Clinton considers his fate as Congress votes for inquiry

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BILL CLINTON conceded last night that the fate of his presidency was out of his hands after a House of Representatives vote ordered an impeachment inquiry. Approved by a majority of 82, it is the third in US history and the second this century. It will open when Congress reconvenes after next month's mid-term elections.

Mr Clinton said he hoped it would be just and not too protracted. "I hope we can move forward in ... a way that is fair, that is constitutional and that is timely." But he recognised that "It's not in my hands; it's in the hands of Congress and the people of this country, ultimately in the hands of God. There is nothing I can do."

Meanwhile, Monica Lewinsky, the source of much of the Presidents troubles, may be about to sell her story to Rupert Murdoch for $3m (pounds 1.8m).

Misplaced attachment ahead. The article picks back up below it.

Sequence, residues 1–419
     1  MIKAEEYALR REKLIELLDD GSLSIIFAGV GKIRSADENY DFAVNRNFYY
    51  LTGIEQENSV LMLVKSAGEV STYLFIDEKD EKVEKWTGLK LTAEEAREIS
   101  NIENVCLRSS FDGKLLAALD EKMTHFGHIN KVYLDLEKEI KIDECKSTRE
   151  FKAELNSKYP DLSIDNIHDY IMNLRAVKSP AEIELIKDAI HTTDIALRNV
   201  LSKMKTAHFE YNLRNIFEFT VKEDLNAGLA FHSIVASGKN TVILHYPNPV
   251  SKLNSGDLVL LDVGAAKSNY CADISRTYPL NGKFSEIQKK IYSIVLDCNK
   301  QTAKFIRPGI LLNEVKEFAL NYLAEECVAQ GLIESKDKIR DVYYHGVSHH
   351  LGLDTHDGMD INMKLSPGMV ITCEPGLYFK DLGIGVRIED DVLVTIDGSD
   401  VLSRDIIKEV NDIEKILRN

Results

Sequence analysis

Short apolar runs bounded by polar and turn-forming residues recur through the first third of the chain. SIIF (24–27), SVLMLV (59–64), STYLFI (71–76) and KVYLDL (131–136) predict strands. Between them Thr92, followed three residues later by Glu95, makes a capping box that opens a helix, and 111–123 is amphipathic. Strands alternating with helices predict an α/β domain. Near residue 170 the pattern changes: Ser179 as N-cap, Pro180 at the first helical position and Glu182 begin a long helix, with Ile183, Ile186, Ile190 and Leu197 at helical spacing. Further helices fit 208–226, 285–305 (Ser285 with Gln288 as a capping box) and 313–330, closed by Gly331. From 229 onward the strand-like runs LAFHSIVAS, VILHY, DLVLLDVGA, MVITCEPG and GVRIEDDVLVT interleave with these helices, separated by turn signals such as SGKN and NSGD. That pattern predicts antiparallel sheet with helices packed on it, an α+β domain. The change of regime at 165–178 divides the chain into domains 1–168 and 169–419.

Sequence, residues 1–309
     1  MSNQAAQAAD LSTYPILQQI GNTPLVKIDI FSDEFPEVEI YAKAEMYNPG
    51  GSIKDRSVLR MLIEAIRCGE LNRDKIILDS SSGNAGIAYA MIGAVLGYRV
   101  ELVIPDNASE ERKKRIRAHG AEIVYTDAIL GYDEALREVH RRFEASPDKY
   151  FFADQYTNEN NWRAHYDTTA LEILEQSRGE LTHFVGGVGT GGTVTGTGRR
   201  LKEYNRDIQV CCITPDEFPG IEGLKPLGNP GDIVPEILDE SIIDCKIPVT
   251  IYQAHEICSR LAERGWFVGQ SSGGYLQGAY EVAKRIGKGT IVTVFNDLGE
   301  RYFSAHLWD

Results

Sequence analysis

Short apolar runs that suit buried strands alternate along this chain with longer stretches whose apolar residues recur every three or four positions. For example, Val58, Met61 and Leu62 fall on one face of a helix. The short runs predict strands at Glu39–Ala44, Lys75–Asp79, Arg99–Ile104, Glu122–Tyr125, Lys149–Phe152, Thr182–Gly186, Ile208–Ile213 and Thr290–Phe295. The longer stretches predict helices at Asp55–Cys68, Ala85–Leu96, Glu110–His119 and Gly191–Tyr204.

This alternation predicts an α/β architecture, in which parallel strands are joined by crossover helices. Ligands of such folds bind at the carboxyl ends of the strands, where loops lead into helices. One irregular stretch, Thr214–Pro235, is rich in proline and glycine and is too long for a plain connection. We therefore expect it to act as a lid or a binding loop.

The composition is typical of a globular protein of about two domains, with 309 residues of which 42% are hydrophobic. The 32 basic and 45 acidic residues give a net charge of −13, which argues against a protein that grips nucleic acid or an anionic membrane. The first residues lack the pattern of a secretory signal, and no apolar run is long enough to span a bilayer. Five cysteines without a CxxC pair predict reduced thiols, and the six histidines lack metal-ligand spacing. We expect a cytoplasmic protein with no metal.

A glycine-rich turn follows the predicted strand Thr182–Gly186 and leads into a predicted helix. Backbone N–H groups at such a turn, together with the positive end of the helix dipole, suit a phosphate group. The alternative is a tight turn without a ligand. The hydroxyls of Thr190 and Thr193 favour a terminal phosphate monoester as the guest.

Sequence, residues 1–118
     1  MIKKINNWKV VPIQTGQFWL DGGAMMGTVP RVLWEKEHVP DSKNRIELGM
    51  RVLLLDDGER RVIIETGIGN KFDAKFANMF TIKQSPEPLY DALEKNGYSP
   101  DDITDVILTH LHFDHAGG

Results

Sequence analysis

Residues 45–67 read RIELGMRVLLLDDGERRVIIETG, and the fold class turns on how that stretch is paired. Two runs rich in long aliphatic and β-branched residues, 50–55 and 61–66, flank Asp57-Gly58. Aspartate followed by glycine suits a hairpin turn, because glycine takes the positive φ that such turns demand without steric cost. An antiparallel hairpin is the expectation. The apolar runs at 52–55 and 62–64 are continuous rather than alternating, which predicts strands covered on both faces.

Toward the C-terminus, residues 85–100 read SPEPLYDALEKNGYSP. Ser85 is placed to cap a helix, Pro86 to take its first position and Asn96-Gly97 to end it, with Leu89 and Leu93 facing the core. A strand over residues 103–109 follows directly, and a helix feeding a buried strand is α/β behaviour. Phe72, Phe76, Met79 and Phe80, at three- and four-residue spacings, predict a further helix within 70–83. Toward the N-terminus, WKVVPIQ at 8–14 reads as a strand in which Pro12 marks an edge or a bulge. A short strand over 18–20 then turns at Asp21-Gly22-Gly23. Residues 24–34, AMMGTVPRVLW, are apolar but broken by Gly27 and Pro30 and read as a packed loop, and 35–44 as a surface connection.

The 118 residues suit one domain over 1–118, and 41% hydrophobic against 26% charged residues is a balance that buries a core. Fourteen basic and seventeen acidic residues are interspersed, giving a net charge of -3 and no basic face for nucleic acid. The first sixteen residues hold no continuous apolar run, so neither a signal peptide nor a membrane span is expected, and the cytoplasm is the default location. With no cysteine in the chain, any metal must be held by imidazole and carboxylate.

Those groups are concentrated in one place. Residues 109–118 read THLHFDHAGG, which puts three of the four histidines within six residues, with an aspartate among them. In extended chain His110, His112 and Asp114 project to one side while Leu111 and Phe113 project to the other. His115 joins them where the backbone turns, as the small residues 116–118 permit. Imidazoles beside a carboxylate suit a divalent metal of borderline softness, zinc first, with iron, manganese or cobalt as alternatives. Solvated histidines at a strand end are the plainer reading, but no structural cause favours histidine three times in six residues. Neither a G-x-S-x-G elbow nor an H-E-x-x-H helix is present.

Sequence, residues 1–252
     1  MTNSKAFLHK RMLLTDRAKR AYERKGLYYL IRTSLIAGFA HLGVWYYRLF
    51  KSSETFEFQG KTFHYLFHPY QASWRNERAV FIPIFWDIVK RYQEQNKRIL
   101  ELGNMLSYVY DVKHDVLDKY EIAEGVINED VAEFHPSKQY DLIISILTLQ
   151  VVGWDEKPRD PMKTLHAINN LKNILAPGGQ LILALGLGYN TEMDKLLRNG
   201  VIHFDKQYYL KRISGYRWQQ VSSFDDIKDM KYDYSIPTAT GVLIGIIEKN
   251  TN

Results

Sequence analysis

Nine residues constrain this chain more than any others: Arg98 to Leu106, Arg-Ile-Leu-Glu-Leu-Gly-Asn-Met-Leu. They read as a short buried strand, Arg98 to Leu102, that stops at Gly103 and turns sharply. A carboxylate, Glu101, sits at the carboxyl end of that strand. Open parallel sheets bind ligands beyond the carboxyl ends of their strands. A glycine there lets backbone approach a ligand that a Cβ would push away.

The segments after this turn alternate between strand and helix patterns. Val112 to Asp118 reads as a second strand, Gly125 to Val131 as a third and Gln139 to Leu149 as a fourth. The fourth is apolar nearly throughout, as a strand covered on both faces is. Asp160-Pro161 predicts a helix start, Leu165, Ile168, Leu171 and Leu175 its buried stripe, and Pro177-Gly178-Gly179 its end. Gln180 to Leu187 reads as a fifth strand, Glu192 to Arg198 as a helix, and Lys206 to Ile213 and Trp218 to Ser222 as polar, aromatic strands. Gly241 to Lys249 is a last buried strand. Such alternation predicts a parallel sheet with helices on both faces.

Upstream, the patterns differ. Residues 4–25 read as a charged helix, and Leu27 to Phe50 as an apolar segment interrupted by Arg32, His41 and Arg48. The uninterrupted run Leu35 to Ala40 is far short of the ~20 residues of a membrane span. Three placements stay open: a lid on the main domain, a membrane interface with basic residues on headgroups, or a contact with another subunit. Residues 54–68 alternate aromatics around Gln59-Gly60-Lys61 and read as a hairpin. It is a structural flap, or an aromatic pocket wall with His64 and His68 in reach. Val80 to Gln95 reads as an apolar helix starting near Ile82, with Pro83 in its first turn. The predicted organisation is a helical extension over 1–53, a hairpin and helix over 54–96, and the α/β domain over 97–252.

Sources at his Fox television network in the US confirmed that talks were under way for a multi-media kiss-and-tell deal to include a live television interview and a book for HarperCollins.

Such a deal would also give Mr Murdoch foreign rights to Ms Lewinsky's story. He could show the interview on outlets including BSkyB in Britain, and run excerpts from the book in his publications, presumably including The Sun and The Times.

The one consolation for the White House was the relatively few Democrats who voted for the inquiry. Forecasts that many Democrats would defect to the Republican side proved unfounded, as only 31 of the 206 House Democrats crossed the floor.

The vote endorsed Monday's decision by the House Judiciary Committee that evidence of wrongdoing - lying and obstruction - presented by the independent prosecutor, Kenneth Starr, warranted further investigation.

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